Tuesday, June 2, 2009

Migrating LIVE from one datastore to another in an Integrity VM

Did you know that it is possible to easily migrate data using LVM's pvmove in Integrity Virtual Machines running HP-UX ? I tried it today and not only does pvmove works well, it's almost as fast as if I was on physical hardware. For those who are familiar with ESX's Storage VMotion, this is as close as you can get to achieving similar results. Using pvmove is not as slick as an svmotion since you need to do it directly on the guest. But it works, and that's good enough for me.

Why would you want to do this? Here are some examples:
  • Migrating devices from scsi to avio_stor, without rebooting the VM (assuming it has the avio drivers, of course)
  • Switching from a datastore to another. For example, moving from a flat file to a raw disk
  • Moving data from a RAID-5 volume to RAID-1
  • Migrating from one disk array to another
As an example, here is a sample procedure to move data from an LV datastore to a raw disk datastore, without having to copy data manually or turn off your VM.

Add your new raw device to your VM:

vmhost# hpvmmodify -P myvm -a disk:avio_stor::disk:/dev/rdisk/disk39
vmhost# hpvmstatus -P myvm

[Storage Interface Details]
Guest Physical
Device Adaptor Bus Dev Ftn Tgt Lun Storage Device
======= ========== === === === === === ========= =========================
disk avio_stor 0 1 0 0 0 file /ivm/myvm/disk1.vm
disk avio_stor 0 1 0 3 0 lv /dev/vg_myvm/rlv_vgdata
disk avio_stor 0 1 0 4 0 disk /dev/rdisk/disk39

In the VM itself, make an ioscan to discover the new device

myvm# ioscan
myvm# insf -eC disk # insf required only on 11iv2
myvm# ioscan -kfnC disk

Class I H/W Path Driver S/W State H/W Type Description
=======================================================================
disk 0 0/0/1/0.0.0 sdisk CLAIMED DEVICE HP Virtual FileDisk
/dev/dsk/c0t0d0 /dev/dsk/c0t0d0s2 /dev/rdsk/c0t0d0 /dev/rdsk/c0t0d0s2
/dev/dsk/c0t0d0s1 /dev/dsk/c0t0d0s3 /dev/rdsk/c0t0d0s1 /dev/rdsk/c0t0d0s3
disk 3 0/0/1/0.3.0 sdisk CLAIMED DEVICE HP Virtual LvDisk
/dev/dsk/c0t3d0 /dev/rdsk/c0t3d0
disk 4 0/0/1/0.4.0 sdisk CLAIMED DEVICE HP Virtual Disk
/dev/dsk/c0t4d0 /dev/rdsk/c0t4d0

See that new "Virtual Disk" device? Just pvcreate it and add it to your the VG on which you need to migrate data. Here I'm using legacy devices since my VM runs 11iv2, but you can do this with agile devices if you wish.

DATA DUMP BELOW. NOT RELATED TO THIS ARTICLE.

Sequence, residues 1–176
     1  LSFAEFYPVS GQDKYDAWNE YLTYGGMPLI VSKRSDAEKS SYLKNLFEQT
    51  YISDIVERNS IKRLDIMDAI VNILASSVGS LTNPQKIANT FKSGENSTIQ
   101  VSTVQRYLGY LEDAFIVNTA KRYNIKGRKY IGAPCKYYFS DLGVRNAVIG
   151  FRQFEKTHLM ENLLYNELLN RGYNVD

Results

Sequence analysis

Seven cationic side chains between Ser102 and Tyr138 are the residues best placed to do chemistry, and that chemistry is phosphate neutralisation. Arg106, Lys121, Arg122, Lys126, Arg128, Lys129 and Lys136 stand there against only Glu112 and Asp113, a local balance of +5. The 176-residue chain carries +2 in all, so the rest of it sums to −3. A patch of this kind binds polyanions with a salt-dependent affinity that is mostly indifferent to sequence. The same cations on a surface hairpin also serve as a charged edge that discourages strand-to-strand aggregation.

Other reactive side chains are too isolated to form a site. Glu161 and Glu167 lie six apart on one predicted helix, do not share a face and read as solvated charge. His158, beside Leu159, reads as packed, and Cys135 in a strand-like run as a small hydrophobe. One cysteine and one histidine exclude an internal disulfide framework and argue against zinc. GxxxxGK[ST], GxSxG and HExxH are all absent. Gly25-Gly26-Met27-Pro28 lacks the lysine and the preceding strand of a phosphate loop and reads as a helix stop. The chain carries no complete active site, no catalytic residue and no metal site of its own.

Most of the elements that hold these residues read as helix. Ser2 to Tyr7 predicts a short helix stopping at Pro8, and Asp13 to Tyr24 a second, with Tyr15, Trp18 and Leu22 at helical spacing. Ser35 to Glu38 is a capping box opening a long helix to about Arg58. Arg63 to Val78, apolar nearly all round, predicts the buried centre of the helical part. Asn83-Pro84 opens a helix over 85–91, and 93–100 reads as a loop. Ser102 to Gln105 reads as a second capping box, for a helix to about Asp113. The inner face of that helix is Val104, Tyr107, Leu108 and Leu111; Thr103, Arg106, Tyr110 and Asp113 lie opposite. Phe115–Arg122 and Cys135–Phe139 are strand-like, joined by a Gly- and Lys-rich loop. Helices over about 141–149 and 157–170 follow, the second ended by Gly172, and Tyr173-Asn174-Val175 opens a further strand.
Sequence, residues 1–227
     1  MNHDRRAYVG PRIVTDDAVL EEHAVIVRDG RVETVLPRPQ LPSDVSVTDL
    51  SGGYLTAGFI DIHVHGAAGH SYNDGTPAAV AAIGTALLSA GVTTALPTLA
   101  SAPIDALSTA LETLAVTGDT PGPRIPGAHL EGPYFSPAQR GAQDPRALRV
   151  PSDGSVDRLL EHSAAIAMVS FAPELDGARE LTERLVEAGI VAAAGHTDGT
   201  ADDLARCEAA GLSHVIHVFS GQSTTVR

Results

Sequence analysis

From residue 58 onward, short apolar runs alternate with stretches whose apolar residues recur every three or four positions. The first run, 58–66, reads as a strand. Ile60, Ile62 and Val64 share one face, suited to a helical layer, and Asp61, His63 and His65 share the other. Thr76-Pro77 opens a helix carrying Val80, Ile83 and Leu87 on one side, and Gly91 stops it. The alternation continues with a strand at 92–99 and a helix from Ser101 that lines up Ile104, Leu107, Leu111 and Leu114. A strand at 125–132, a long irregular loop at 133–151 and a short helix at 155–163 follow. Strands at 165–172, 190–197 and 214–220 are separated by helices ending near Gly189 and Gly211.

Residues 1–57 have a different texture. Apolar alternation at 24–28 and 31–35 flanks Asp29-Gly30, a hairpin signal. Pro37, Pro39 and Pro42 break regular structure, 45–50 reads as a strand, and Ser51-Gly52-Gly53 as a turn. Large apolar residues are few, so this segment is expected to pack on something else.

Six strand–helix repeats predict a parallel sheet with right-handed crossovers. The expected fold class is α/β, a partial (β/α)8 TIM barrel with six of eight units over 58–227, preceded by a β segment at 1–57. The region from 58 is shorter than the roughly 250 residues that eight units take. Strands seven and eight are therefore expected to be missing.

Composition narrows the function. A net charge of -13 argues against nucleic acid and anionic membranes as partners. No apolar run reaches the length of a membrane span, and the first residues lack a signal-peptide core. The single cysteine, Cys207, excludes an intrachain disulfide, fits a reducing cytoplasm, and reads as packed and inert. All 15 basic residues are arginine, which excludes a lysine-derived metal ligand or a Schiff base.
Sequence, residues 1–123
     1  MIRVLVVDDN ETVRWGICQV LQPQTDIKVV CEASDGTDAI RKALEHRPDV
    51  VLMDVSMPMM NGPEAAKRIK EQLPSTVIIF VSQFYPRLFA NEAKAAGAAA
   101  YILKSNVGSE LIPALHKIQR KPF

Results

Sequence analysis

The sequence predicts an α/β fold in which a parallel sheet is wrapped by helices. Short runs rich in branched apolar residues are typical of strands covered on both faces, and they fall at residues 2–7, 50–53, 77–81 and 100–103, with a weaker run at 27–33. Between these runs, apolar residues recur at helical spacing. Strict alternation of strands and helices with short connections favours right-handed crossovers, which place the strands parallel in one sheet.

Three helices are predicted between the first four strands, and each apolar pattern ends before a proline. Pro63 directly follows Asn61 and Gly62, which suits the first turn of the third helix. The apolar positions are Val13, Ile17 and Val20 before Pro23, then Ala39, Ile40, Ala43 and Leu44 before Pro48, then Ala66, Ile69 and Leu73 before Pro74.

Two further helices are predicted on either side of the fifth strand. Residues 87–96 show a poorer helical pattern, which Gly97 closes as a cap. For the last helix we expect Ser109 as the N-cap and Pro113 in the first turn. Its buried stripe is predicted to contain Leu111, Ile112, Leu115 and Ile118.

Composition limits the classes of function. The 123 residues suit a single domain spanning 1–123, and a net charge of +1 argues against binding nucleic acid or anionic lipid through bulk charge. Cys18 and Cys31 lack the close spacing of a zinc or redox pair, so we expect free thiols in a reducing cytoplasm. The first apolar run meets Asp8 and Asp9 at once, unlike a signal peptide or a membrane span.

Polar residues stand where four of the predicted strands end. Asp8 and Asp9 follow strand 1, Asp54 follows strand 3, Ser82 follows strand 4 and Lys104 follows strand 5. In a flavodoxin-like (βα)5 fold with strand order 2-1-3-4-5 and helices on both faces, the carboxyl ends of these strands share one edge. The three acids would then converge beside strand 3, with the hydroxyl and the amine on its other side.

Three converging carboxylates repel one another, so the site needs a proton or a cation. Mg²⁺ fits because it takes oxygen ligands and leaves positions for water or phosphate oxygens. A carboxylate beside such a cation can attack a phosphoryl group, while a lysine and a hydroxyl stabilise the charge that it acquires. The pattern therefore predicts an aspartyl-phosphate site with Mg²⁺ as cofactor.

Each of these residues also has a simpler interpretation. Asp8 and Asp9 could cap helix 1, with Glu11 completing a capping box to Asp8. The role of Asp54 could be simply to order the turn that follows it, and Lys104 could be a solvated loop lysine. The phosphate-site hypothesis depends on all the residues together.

myvm# pvcreate /dev/rdsk/c0t4d0
myvm# vgextend /dev/vgdata /dev/dsk/c0t4d0
myvm# vgdisplay vgdata

--- Physical volumes ---
PV Name /dev/dsk/c0t3d0
PV Status available
Total PE 1249
Free PE 0
Autoswitch On
Proactive Polling On

PV Name /dev/dsk/c0t4d0
PV Status available
Total PE 1279
Free PE 1279
Autoswitch On
Proactive Polling On

Then, use pvmove to move your physical extents from one datastore to another using pvmove, as you would on a physical server.

myvm# pvmove /dev/dsk/c0t3d0 /dev/dsk/c0t4d0
Transferring logical extents of logical volume "/dev/vgdata/lv_mydata"...

Here, LVM will be moving LIVE all your data from c0t3d0 (an LVM datastore) to c0t4do (a raw disk datastore). The process can take a while, since it's going slow voluntarily to prevent the process from interfering with normal operations.

When it's over, remove the empty PV from the VG

myvm# vgreduce vgdata /dev/dsk/c0t3d0
myvm# pvremove /dev/rdsk/c0t3d0
myvm# rmsf -H 0/0/1/0.3.0

Then, remove it from the VM host:

vmhost# hpvmmodify -P my_vm -d disk:avio_stor::lv:/dev/vg99/rlv_vgdata

And you're done. You've just migrated storage live in your VM.

Can the pvmove be done at the VM Host level?

Here we did the pvmove at the VM Guest level, i.e. inside the VM Guest. Can this be done on the VM Host itself? The answer is yes, but only if you're using LVM datastores. Just pvmove the PVs on the VM Host, and you can migrate data transparently.

I did useLVM datastores for a while, but they're a pain in the butt to manage, as you have two levels of volume groups to consider: one on the host, then one on the guest. There is also a lot of flexibility that is lost: you can't easily export and reimport the guest volume groups from virtual to physical servers, back and forth, when using anything except raw disks.

Yet there is one place where LVM datastores could be useful: to enable a Storage VMotion look-alike for VM guests that do not have any volume manager that can easily do this. I'm thinking here of VMs running Windows, for example.

Bye

1 comment:

Ram said...

Oliver, have you tried VGMove and LVMove commands in LVM? They allow online data mobility in physical and virtual environments completing the value prop that PVMove started with.